In “The Reckoning,” Jacob Soil, a professor of history and accounting at the University of Southern California, presents a history of accounting to reveal how accounting has shaped kingdoms, empires and entire civilizations. Soil states: “Sometimes it seems as if our lives are dominated by financial crises and failed reforms. But how much do Americans even understand about finance? Few of us can do basic accounting and fewer still know what a balance sheet is. If we are going to get to the point where we can have a serious debate about financial accountability, we first need to learn some essentials.”
I agree with professor Soil’s opinion that a population well versed in accounting will not immediately solve our complex financial problems, but it would allow average citizens to understand the nuts and bolts of finance. It would also give them a clearer sense of what financial accountability really means.
I have written several times over the past four years about the South Portland City Council and School Board and their ignorance of financial matters and their total lack of accountability.
This year’s city and school budgets and the proposed tax increase are just another example of what happens when the city is run by individuals who don’t understand basic financial matters and are never held accountable for their poor financial decisions.
Last month, the City Council for the eighth straight year made no changes to the proposed school budget that voters will vote on June 10. The council did so despite the undisputed fact that the school has incorrectly budgeted costs every year for the past 11 years. Over that period, the actual school costs averaged more than $1 million less than the budget. They also did not take into account that the school had about $4 million in surplus accumulated from prior years’ budgeting errors. They also ignored the fact that more than $2 million of this surplus might be taken by the state in 2015, because the surplus is in excess of state law. They also ignored the fact that the budget did not use the $600,000 of state school funds received last year, which the superintendent stated would be used in the 2014-2015 school year. Instead of using this revenue to cut the taxes due this year, the school board decided to carry that $600,000 forward for years after 2015.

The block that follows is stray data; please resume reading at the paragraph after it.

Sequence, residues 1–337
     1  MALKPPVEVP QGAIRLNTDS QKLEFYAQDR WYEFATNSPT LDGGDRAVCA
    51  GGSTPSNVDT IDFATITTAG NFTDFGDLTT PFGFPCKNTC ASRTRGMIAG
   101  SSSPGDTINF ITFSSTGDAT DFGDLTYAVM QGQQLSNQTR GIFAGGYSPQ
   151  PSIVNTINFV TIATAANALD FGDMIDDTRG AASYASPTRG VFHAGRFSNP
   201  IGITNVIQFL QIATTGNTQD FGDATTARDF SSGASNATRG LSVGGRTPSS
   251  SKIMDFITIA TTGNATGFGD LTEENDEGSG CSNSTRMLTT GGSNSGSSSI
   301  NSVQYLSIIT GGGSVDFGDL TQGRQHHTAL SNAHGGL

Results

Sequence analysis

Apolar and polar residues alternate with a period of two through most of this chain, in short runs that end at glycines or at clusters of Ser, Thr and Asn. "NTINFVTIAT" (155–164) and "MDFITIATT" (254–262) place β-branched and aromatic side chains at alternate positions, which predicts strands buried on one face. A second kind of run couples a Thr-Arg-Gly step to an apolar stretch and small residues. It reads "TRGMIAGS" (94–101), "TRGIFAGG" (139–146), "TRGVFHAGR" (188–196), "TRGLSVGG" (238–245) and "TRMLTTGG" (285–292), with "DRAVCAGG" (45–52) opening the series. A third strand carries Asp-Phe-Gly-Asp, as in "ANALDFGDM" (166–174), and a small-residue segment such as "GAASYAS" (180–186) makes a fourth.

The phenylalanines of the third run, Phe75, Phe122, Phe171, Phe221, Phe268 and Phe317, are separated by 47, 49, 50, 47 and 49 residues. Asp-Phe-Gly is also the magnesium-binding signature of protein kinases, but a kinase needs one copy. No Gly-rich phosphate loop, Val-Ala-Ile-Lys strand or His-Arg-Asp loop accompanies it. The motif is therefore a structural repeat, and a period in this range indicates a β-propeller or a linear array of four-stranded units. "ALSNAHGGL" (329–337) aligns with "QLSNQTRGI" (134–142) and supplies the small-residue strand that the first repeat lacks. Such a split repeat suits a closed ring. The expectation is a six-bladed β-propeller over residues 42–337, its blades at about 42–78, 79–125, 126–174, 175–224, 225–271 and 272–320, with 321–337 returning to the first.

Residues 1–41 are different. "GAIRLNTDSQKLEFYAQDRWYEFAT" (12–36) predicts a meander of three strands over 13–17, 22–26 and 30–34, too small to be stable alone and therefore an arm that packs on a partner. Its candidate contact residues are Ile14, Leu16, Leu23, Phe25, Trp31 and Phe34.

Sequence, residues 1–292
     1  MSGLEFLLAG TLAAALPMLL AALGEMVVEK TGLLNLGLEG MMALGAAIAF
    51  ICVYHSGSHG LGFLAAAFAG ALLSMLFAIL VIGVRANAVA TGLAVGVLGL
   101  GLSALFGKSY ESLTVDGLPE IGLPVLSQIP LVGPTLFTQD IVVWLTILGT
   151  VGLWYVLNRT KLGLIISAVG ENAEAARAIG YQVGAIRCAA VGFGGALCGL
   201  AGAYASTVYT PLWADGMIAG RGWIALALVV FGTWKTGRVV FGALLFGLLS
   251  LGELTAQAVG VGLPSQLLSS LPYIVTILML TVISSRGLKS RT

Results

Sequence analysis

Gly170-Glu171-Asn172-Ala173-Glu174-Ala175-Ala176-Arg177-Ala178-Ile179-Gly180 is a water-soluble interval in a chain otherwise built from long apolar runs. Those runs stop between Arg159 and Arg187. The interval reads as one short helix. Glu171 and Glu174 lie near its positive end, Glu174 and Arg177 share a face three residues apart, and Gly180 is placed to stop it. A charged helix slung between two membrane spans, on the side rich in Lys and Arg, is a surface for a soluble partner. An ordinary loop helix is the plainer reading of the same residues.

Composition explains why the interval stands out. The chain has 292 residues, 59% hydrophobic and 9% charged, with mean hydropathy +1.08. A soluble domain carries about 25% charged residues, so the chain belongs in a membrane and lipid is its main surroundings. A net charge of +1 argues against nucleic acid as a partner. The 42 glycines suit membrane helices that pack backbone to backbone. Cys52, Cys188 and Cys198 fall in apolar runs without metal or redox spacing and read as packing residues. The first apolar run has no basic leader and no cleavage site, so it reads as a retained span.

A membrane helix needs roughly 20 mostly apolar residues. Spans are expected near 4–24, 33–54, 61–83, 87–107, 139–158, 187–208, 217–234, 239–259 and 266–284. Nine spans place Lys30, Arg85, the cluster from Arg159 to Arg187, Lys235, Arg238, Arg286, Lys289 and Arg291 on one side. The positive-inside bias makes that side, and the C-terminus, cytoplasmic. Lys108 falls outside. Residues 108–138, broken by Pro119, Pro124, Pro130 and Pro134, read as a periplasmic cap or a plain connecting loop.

In total, the school budget is $1.4 million more than it should be, if proper accounting were used on the budget. This tax increase is due to budgeting errors and does not include another $2 million in wasteful spending on excessive non-teaching administrative costs.
On the city side of the budget, the budget includes similar budgeting errors that understate revenues and overstate expenses. The total errors to that budget total about $1.1 million. Between the school and city budgets, the accounting errors create a tax increase of about $2.5 million.
The proposed property tax increase for this year has been dishonestly reported by the City Council as a 3.3 percent tax increase. The truth is the actual property tax rate increase is 8.3 percent. The undisputed fact is that the audited financial statements (which the City Council and voters don’t read or understand) illustrated that for the last three years ended June 30, 2013, the taxes collected were 5 percent greater than were needed to cover the actual expenses. Accordingly, a 3.3 percent tax increase is really an 8.3 percent increase over the actual taxes needed to cover actual expenses.
While the 8.3 percent property tax rate increase is already too much, it does not reflect the total tax increases to South Portland residents. In 2013, South Portland’s city manager along with many other city and town managers testified before the Maine legislature and supported a 10 percent sales tax increase in return for additional state revenue sharing, which they stated would reduce property taxes. In 2014, the cost of this sales tax increase to South Portland residents will be about $100 per household (or equal to about a 3 percent property tax increase on the medium priced home). When you combine the sales tax increase with the property tax increase, the impact to South Portland residents is equal to about an 11.3 percent property tax increase for 2014 over the 2013 taxes needed to fund the actual expenses.
Despite this real 11.3 percent tax increase in 2104, the financially challenged city councilors will tell you that they are concerned about South Portland’s residents and their ability to pay the never-ending financially irresponsible tax increases.
For seven years, I have tried to educate the City Council on financial matters, but it is clear that I have failed to get through to them. In fact, this year’s City Council is the worst in seven years. They lack the ability to understand even the most basic financial concepts. It is also clear that this council will never take responsibility for their financial mistakes and will never be held accountable for their actions.
In the end, the real problem is with the voters of South Portland, who are just too busy with their lives to take the time to understand what their representatives are doing to them.
On June 10, a small group of uninformed voters with no basic understanding of financial matters will pass the school budget. Professor Soil would suggest that that will not change until we have a society trained in financial matters and accountability or when there is a major financial crisis.
Al DiMillo is a retired CPA who lives in South Portland.